What more is there to say about this sequence that hasn’t been said already? It sets the scene for the secretive, government-sponsored, high-tech Black Mesa research centers, while also portraying them as just another workplace, on just another workday (which, certain Half-Life trailers indicate, was a Monday) sometime in May-June of 200X.

    And of course, they also wanted to demonstrate Half-Life’s revolutionary new technology, while also subtly conveying its new gameplay paradigms (unlike its contemporaries, which began with the player holding a gun in the middle of a warzone; Half-Life 1 started you off unarmed, on Gordon Freeman’s commute).

    The problem is that the tram ride can be… a bit too long. Especially within subsequent playthroughs, when it becomes an almost tedious routine. Perhaps that is, in itself, representative of the nature of work at Black Mesa, but I still think it was a bit too lengthy. Furthermore, the indoor spaces don’t offer much in the way of scenery or vistas. Some more impressive perspectives on Black Mesa’s outdoor facilities would have definitely added variety and improved the tram ride as a whole.

    On a different note: just like they did away with the Hazard Course, Valve have since abandoned the concept of an in-depth introductory tram ride. While they experimented with the idea of a Combine train ride through the Outland (or Wasteland, as they called it back then) for Half-Life 2, it was ultimately turned into a 20-second footnote in the final product. It’s a shame, because I think such a train ride would have been far more impressive and enjoyable than HL1’s tram ride, especially within replays of the game.

    Ironically, however, Half-Life 2’s ending appears to place us in stasis… in the same cross-dimensional Black Mesa tram (even though it is now concealed by total darkness), where the G-Man first hired us, at the conclusion of HL1. Episode One similarly ends on a City 17 train, and Episode Two begins on that same train, having been utterly wrecked following the Citadel’s destructive meltdown. As for how Half-Life 3 might start… well, wasn’t there a train line leading through the White Forest base, from the snowy peaks of the north?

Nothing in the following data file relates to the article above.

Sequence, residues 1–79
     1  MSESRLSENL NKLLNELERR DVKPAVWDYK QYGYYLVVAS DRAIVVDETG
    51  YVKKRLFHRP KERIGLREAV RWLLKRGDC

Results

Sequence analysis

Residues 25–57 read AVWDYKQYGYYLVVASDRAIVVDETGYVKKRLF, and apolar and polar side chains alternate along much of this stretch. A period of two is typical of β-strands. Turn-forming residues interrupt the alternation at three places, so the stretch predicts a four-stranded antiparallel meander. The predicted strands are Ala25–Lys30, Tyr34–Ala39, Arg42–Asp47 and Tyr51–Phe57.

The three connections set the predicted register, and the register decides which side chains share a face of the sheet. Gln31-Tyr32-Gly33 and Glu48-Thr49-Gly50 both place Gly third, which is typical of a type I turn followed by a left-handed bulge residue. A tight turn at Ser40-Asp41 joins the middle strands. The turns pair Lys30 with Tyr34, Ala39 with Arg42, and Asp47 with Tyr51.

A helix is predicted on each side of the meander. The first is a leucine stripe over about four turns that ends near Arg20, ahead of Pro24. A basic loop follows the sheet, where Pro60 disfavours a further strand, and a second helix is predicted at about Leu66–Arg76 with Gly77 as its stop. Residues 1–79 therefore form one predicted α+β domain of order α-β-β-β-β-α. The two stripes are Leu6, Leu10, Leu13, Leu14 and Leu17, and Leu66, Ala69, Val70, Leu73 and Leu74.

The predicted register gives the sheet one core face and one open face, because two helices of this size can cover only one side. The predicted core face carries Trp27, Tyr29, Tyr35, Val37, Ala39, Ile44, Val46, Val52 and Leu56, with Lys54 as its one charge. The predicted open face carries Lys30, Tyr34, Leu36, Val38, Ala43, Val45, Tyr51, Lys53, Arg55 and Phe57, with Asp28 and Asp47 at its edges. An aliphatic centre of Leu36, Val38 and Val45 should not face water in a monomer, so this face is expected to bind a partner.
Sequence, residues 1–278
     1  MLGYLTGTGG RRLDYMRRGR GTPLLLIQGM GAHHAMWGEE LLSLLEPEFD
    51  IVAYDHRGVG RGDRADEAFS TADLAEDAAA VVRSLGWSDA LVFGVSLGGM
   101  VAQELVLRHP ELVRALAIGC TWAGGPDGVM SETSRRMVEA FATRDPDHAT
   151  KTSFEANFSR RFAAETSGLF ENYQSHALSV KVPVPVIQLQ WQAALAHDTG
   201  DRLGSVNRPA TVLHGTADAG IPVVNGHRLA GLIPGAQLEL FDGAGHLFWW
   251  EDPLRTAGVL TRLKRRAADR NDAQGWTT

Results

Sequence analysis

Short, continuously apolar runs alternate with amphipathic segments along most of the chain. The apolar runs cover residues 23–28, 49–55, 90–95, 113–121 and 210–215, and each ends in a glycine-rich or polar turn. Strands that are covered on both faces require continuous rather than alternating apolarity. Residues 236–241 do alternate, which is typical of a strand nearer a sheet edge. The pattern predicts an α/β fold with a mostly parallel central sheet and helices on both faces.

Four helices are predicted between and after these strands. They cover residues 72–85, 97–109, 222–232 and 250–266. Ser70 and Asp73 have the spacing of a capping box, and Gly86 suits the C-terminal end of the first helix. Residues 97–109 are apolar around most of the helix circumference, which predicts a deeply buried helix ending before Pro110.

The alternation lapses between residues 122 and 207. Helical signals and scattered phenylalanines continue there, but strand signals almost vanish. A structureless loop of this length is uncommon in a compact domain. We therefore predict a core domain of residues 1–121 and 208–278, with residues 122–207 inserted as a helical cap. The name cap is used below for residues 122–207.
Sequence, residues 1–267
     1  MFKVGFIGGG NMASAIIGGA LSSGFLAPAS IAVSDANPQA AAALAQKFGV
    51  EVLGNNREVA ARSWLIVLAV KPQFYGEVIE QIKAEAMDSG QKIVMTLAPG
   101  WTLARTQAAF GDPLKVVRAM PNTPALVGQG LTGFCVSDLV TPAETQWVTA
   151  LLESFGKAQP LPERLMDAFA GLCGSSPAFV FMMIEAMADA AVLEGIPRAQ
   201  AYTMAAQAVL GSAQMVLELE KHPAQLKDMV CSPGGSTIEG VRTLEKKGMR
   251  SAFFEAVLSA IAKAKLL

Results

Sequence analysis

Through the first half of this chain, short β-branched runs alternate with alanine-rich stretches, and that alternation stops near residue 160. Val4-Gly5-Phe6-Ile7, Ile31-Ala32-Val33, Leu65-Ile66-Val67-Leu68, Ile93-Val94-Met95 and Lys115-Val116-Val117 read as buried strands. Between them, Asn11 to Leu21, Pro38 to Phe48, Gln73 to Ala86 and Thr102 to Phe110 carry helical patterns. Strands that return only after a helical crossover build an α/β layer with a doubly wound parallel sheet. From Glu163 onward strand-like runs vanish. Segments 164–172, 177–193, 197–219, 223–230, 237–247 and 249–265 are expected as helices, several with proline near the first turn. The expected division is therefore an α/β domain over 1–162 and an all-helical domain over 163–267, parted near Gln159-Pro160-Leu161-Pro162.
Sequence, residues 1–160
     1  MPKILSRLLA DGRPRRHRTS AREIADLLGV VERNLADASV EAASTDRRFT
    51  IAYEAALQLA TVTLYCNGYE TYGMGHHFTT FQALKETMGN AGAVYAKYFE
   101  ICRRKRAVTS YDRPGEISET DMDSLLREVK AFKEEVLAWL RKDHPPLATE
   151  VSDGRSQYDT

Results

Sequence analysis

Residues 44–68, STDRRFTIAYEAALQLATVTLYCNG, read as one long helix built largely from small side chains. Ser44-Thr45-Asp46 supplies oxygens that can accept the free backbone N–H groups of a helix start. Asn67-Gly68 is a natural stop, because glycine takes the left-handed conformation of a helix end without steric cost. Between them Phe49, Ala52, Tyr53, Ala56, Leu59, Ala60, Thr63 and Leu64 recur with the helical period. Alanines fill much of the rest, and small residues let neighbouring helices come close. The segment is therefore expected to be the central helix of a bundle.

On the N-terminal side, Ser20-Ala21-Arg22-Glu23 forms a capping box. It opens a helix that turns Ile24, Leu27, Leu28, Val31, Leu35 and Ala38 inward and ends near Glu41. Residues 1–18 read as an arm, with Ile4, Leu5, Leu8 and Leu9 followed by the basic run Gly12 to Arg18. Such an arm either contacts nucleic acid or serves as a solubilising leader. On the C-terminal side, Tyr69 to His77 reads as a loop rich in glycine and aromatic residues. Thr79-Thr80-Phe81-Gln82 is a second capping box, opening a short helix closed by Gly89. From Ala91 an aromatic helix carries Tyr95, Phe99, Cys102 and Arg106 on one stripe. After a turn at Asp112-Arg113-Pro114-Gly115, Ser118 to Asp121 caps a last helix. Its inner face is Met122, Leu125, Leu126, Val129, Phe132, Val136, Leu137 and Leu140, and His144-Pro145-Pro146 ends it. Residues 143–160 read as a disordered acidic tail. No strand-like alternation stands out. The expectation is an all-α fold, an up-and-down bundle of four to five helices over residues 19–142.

Play time: 7 minutes

  7. William

    Play time: 12 minutes

  8. Unq

    In 1998 we had seen nothing like Black Mesa Inbound before. Yes, there were cinematics in games, and even in-engine cutscenes. But nothing played out like Half-Life where you still had control and could move around and look where you wanted.

    While a calming automated voice reminds you of tonight’s Black Mesa Hazard Course Decathlon, and as you pass all sorts of interesting things going on like the rocket/missile, robotic loaders, and the helicopter pad, it’s easy to overlook one of the key aspects of the tram ride (and ultimately Half-Life as a game): the music. Kelly Bailey’s Vague Voices is nothing short of an atmospheric masterpiece in my book and the opening seconds always take me right back to the Black Mesa Transit System. I highly encourage you to listen to it properly by itself:

    Black Mesa Inbound is the parallel of an establishing shot in a movie, although it conveys much more than location. Even if you’ve played the Hazard Course, this is the first sense you’ll get of the size and grandness of Black Mesa. It sets the scene perfectly, and more to the point it establishes a mysterious atmosphere. You get the sense that something isn’t right. People are banging on doors and is that a huge radioactive leak we just passed? Why is my administrative sponsor listed as “classified?” Why is there an immediate opening in materials handling? Also there is some minor foreshadowing: “more lives than your own may depend on your fitness.”